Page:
“I think of myself more as a generalist, I do a lot of community engaged, community-based and participatory research and I’m interested in letting those communities drive the research agenda so that my work is focused on questions that are important to people that that I can help in ways as a statistician.”

Melody Goodman

Most recently the work that Melody is known for is developing and validating a survey tool that assesses the level of non-academic partner engagement in research. This tool really helps develop the science of engagement and treat it like a science that we understand how engagement really impacts the scientific questions we ask, the scientific process and scientific discovery. Melody expressed that she was happy be a part of this conversation.

Mary Gray started out as a mathematician, but she paved her way through many disparities before she became a statistician. Here’s how her journey all started:

“I noticed whenever I went to a mathematics conference, there weren’t many women and not very many faces other than white faces around. So, I went to sort of a governing body of an American mathematics society to find out what was going on, I had to carefully check ahead of time to see that it was a public meeting, but when I got there, I was told that no, it was closed, even though it was open and then I was told this was a gentlemen’s agreement. Then I said, ‘well OK I’m not a gentleman’ so I went on to that meeting and then became known around the mathematics community for not being the gentleman, and that worked out just fine.”

Mary Gray

Mary started an organization called the Association for Women in Mathematics which is still going strong 50 years later, “as am I” – she adds. Mary started working on a discrimination case on the basis of gender and pensions, thought she had some chance of winning a case in court however when she talked to the insurance people, they told her she “just didn’t understand statistics.” Along the way, even after coming up with a very good argument she was then they told “well you may understand statistics, but you just don’t understand the law,” so then she went to law school. She eventually contributed by doing the statistical background for discrimination cases, and has worked on refugee projects with various organizations. Mary has done so much for the statistical field in this country by paving the way for many women in statistics, and has left advice for future statisticians:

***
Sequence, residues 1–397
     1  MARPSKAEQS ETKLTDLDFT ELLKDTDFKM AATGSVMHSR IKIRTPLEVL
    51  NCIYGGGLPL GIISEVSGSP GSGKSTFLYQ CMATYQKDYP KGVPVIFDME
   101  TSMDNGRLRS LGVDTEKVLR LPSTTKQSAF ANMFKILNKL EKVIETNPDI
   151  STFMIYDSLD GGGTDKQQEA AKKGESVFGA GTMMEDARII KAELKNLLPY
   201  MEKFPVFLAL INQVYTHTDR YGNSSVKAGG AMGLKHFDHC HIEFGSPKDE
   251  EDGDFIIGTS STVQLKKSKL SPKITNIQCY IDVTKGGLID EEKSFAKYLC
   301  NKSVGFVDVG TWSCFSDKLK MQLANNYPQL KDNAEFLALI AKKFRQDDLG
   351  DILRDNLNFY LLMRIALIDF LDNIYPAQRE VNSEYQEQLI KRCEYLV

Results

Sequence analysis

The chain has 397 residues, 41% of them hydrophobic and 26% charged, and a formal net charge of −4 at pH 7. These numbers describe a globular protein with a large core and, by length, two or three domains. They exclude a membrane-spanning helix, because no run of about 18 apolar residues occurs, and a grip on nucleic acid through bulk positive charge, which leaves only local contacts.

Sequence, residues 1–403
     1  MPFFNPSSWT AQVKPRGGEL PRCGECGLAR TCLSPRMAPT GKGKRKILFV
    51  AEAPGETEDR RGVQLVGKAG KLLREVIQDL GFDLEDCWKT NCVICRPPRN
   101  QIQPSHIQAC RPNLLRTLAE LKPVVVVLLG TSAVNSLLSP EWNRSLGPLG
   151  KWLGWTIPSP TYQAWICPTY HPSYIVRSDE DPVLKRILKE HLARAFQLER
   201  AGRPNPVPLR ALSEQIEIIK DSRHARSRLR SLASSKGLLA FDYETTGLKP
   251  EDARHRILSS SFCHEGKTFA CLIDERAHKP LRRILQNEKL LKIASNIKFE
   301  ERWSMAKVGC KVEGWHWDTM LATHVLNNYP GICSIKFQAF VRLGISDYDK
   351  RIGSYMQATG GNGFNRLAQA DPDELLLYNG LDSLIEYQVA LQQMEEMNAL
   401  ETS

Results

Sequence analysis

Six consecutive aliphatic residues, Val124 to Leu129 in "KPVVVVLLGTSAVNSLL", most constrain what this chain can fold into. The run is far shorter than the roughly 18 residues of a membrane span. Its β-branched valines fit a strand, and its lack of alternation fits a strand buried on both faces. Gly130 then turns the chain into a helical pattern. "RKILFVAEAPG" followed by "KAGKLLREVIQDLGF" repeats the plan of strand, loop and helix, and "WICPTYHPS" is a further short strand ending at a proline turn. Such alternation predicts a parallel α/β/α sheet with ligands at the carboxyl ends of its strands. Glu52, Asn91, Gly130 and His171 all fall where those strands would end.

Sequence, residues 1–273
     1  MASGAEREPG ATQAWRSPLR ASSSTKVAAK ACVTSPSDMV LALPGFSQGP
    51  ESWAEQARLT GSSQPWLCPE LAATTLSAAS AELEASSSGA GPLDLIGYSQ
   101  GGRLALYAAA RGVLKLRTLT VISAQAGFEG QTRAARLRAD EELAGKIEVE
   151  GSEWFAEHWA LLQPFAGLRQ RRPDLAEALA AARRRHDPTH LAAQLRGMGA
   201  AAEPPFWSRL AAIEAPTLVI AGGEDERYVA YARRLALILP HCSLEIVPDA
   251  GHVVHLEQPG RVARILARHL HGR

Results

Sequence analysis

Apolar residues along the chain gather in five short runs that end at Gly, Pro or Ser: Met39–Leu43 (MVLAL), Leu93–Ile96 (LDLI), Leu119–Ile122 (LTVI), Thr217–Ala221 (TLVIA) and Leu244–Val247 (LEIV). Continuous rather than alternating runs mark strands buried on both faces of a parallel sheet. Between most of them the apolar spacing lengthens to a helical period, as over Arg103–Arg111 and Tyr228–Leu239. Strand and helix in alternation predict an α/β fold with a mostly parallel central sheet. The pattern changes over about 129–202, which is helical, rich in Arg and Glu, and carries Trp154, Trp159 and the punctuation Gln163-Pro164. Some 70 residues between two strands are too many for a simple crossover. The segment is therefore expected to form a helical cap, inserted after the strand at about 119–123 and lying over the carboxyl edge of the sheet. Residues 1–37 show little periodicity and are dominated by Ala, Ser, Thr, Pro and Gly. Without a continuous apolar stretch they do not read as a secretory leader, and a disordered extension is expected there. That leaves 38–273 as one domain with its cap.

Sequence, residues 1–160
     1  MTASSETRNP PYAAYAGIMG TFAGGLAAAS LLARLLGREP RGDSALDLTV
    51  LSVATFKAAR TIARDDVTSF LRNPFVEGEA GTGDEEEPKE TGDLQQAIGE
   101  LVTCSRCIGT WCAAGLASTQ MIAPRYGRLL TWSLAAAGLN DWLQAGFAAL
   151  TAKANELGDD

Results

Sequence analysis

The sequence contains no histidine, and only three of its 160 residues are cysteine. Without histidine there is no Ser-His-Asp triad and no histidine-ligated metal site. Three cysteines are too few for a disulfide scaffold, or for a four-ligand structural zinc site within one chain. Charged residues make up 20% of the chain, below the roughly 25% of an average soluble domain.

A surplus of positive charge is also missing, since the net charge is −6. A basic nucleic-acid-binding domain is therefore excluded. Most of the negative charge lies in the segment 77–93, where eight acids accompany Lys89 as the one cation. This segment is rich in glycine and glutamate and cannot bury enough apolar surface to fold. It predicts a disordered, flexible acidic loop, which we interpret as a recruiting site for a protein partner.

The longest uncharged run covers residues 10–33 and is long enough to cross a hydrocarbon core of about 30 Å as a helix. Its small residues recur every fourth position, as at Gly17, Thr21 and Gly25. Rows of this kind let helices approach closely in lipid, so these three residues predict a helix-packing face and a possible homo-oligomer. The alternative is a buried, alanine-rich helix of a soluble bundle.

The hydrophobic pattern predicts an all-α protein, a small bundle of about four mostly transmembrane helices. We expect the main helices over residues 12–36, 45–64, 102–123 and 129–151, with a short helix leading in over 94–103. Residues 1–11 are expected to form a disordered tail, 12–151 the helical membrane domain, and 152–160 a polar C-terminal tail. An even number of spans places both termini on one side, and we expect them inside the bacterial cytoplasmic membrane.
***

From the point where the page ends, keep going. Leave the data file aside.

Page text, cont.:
“I always tell my students that if you want to have some influence in a not-for-profit organization, volunteer to be treasurer!”

Mary Gray

Managing the budget and knowing where the money is going can give people a better outlook on how to fund various activities. Mary participated in advancing women’s rights in America and had to testified in various legislatures because nobody else wanted to talk about the numbers.

“I still keep on going that way, doing a variety of things having to do with discrimination and having to do with human rights.”

Mary Gray

There will be more of these events coming each month! If you feel inspired to do so, please post about this event or upcoming events in this series using the #statsleadershipwebinar on your social media platform of choice!

Check out the full video recording of this event below. View more like this our NISS Communications YouTube Channel here: 






Monday, March 6, 2023 by Megan Glenn